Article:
Editors' ChoiceImmunology

Immunotherapy: Reduce, reuse, recycle

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Sci. Signal.  03 Nov 2015:
Vol. 8, Issue 401, pp. ec324
DOI: 10.1126/scisignal.aad7794

Interleukin-2 (IL-2) is a cytokine used in the clinic to boost immune cell responses to cancer. The related cytokine IL-15 also stimulates the proliferation of effector T cells but, unlike IL-2, does not stimulate proliferation of regulatory T cells. Su et al. demonstrate that, although IL-15 may be effective in lymphopenic patients, IL-2 therapy may be needed in patients who retain immune cells, where T cells compete for available cytokine. In isolated T cells, addition of IL-2, but not IL-15, resulted in sustained signaling even after the cytokine was removed, because IL-2 remained bound to the high-affinity receptor subunit IL-2Rα, which does not bind IL-15. IL-2Rα forms a cell surface reservoir of IL-2 and also enabled recycling of IL-2 back to the cell surface, thereby increasing the efficiency of signaling by limited quantities of cytokine.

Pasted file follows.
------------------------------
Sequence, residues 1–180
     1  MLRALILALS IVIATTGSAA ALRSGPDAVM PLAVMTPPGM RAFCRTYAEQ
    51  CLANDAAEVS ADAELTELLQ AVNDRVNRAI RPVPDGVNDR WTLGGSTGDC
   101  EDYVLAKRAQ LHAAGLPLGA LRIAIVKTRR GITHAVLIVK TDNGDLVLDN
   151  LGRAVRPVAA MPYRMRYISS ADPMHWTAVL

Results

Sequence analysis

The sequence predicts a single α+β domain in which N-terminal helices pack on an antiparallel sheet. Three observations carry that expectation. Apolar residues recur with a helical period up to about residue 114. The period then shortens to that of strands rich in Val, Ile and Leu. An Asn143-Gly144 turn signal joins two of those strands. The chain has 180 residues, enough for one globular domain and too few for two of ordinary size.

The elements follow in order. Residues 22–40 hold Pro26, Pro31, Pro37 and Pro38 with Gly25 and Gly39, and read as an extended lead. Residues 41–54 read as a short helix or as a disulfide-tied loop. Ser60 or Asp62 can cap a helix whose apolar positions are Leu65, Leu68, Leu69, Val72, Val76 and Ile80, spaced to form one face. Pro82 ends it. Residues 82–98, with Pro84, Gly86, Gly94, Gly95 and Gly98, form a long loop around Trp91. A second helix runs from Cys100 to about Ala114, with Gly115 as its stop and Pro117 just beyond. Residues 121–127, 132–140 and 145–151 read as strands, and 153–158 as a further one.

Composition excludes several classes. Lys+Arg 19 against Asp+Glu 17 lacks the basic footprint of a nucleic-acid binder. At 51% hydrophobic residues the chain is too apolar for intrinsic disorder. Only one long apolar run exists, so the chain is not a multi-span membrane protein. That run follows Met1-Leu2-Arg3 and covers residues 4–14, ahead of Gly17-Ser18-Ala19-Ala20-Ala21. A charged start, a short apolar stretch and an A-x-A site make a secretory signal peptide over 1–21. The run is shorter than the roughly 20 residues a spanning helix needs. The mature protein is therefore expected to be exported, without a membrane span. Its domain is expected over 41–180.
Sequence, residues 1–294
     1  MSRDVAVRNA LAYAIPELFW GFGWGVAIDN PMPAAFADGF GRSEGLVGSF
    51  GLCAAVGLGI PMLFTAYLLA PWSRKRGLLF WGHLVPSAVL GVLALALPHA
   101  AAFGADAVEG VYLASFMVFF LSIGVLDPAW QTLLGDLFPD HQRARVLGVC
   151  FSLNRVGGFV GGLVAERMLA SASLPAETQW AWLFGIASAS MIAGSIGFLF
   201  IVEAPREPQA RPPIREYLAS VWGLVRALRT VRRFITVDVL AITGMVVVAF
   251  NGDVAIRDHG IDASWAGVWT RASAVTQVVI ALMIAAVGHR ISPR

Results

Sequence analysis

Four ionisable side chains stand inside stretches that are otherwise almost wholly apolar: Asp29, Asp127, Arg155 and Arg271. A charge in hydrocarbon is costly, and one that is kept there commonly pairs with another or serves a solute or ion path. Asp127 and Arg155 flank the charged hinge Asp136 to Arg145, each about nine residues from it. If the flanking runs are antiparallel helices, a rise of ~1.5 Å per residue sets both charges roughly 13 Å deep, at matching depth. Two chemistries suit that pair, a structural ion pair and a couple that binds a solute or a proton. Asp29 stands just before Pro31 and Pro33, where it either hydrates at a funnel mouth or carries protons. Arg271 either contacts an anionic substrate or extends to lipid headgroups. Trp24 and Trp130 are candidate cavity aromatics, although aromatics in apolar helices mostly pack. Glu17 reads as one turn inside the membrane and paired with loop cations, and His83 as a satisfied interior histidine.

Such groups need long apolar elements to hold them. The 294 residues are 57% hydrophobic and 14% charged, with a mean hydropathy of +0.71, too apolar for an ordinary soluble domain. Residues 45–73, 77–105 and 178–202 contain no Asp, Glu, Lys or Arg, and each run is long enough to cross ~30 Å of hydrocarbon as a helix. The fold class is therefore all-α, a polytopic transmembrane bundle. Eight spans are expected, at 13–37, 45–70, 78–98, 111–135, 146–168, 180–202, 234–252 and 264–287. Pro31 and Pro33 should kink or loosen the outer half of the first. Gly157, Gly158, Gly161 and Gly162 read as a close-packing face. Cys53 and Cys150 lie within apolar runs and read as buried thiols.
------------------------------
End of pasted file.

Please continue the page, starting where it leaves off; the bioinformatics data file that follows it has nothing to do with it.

E. W. Su, C. J. Moore, S. Suriano, C. B. Johnson, N. Songalia, A. Patterson, D. J. Neitzke, K. Andrijauskaite, E. Garrett-Mayer, S. Mehrotra, C. M. Paulos, A. L. Doedens, A. W. Goldrath, Z. Li, D. J. Cole, M. P. Rubinstein, IL-2Rα mediates temporal regulation of IL-2 signaling and enhances immunotherapy. Sci. Transl. Med. 7, 311ra170 (2015). [Abstract]